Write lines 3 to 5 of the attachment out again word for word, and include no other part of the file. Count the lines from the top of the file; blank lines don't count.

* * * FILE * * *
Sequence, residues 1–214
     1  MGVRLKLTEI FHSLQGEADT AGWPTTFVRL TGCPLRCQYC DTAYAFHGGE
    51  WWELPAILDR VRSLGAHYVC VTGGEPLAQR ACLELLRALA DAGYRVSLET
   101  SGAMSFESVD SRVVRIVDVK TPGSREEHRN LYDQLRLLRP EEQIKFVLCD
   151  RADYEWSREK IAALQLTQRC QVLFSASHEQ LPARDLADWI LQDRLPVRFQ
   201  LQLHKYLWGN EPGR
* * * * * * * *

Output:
    51  WWELPAILDR VRSLGAHYVC VTGGEPLAQR ACLELLRALA DAGYRVSLET
   101  SGAMSFESVD SRVVRIVDVK TPGSREEHRN LYDQLRLLRP EEQIKFVLCD
   151  RADYEWSREK IAALQLTQRC QVLFSASHEQ LPARDLADWI LQDRLPVRFQ